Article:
How to Grow Topiary
Some general rules
I My new Kindle e-book
I have written a new Kindle ebook
"How to do Topiary: A beginner's
The ebook book:
Tells the beginner and enthusiastic gardener how to
create topiary from scratch or from specimens bought at a garden centre.
Covers topiary made from different types of trees
and bushes as well as Moss Topiary where plants are molded around a
Shows you the best trees and bushes to buy, when to
clip or form them and what time of year is best to do the work.
Discusses the freeform art of topiary as well
as that of using preformed frames and even gives you a list of major
gardens throughout the world to give you some inspiration.
this link to have a look and get your own copy from Amazon UK
this link to have a look and get your own copy from Amazon USA
Don't forget if you don't own a Kindle reader then
there's a free app to read them on an I-Phone or I-Pad or the Android
tablets and phones.
Newly published in 2012. Only £1.99
These Are The Rules
(But remember, Rules are always meant to be broken!)
1. If you do not have any, first go out and buy some
patience. (Topiary isn't fast).
1a. Don't forget that Yew trees can live to a thousand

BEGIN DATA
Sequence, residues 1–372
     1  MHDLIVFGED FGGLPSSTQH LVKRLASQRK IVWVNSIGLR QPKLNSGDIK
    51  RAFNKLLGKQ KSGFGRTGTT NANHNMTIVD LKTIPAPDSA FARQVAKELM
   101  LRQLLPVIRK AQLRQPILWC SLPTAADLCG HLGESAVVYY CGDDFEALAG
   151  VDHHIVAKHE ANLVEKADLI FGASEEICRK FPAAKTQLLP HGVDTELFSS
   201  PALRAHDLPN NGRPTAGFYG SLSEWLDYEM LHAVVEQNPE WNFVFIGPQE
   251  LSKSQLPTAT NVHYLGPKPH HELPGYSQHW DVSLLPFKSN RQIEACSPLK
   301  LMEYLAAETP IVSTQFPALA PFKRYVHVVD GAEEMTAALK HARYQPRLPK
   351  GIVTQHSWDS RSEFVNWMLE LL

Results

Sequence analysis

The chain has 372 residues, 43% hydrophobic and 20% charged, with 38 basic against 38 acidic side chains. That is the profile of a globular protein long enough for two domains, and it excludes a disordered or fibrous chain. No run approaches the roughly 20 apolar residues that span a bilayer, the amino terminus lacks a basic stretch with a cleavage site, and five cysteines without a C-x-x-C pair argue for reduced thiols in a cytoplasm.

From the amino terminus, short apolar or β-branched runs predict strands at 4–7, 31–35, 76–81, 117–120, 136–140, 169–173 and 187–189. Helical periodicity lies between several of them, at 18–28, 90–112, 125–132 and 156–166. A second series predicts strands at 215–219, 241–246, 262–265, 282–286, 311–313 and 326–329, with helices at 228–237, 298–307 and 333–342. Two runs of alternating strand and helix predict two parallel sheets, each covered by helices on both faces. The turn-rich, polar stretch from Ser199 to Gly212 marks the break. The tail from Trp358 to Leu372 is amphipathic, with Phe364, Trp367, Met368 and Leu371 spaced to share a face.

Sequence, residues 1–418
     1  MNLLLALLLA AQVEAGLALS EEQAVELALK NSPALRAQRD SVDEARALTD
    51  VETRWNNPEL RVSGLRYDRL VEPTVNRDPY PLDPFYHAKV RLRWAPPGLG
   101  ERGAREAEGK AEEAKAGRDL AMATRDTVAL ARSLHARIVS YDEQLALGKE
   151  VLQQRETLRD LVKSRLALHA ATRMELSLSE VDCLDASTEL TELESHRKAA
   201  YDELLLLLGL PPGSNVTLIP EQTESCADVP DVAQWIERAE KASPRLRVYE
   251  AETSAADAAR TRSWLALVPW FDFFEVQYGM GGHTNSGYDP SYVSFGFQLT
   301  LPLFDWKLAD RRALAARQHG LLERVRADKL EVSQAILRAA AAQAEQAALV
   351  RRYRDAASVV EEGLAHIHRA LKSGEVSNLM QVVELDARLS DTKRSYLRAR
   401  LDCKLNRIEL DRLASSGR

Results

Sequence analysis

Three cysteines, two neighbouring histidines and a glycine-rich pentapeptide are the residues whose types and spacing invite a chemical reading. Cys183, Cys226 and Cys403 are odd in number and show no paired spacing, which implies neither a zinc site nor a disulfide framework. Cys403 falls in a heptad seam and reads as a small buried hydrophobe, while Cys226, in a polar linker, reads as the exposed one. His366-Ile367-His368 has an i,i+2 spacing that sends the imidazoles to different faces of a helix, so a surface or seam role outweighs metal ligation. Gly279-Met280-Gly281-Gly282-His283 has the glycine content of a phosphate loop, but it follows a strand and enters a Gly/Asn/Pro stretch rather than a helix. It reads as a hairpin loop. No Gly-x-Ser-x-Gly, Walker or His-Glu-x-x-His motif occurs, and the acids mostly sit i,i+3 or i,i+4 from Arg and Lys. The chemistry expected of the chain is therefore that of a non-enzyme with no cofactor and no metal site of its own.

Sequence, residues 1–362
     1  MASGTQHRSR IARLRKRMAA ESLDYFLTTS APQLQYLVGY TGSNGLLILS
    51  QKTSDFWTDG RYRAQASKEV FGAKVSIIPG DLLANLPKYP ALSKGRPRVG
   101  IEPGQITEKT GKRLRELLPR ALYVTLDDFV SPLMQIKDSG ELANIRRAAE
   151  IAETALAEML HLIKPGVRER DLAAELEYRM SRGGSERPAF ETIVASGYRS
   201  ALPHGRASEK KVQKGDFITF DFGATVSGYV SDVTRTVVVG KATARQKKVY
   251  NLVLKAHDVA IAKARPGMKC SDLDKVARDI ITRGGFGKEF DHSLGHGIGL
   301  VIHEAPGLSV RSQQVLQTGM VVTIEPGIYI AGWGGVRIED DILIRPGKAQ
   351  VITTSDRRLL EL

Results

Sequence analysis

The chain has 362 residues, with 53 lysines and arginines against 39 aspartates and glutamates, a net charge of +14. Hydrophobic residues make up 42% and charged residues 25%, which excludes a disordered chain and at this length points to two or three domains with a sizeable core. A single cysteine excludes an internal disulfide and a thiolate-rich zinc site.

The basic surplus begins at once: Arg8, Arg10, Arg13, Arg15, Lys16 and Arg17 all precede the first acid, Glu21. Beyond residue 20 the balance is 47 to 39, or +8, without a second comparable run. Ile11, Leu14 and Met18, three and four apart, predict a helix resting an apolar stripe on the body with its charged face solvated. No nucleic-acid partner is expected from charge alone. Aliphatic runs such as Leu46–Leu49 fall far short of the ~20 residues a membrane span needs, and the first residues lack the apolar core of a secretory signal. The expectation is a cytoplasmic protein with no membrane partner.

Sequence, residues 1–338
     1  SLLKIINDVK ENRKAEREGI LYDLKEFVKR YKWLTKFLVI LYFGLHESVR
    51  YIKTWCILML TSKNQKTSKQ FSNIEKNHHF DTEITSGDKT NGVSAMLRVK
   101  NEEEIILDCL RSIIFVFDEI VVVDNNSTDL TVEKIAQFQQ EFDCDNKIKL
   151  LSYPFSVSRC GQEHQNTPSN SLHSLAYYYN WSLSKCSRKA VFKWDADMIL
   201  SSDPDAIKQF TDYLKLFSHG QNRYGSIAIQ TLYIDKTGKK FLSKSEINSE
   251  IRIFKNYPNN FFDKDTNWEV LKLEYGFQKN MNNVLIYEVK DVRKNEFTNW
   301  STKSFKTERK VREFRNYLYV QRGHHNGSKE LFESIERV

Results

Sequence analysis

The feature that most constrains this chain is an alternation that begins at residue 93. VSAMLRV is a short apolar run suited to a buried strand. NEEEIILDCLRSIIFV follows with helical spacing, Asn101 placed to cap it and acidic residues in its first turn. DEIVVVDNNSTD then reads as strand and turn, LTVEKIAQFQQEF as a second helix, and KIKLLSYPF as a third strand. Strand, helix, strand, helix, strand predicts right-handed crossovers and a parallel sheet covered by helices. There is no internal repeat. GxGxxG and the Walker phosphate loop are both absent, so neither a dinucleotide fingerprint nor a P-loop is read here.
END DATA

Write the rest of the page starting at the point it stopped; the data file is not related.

years old. You can't!
2. Select the Right Tree or Plant.
All plants can be cut or shaped but many can be killed in this way!
Yew (Taxus Baccata) and the various forms of Box (Buxus Sempervirens)
are the king and queen of topiary plants but there are many others.
3. When planting a hedge or specimen, smaller sized
plants are best as they will acclimatise to local conditions quicker
and often outgrow their bigger friends in the first year or so.
4. What Will Be the Finished Shape?
All topiarists have some plan in mind for particular specimens, however
it is not uncommon for finished shapes to suggest themselves over the
years by the tree or bush at hand. All plants, like all humans, grow
5. Geometry or Whimsy?
Well it's a matter of personal taste if you want an eight foot Mickey
Mouse in your garden, or a steam locomotive, as someone in the Bristol
Area has. Geometric shapes are, however, more traditional and if you
give some thought to the overall plan or design of your garden then
you will find well placed geometrical shapes are a positive joy in this
6. To Feed or Not to Feed?
Probably, especially those in pots. A liquid sea weed fertiliser is
best as nutrient can be taken up through the foliage as well as through
the roots. Don't overdo it though. Remember the last time you drank
eight pints? Mature specimens, such as at Levens, don't need individual
attention but will benefit from any fertilising or mulching which is
applied to surrounding flower beds.
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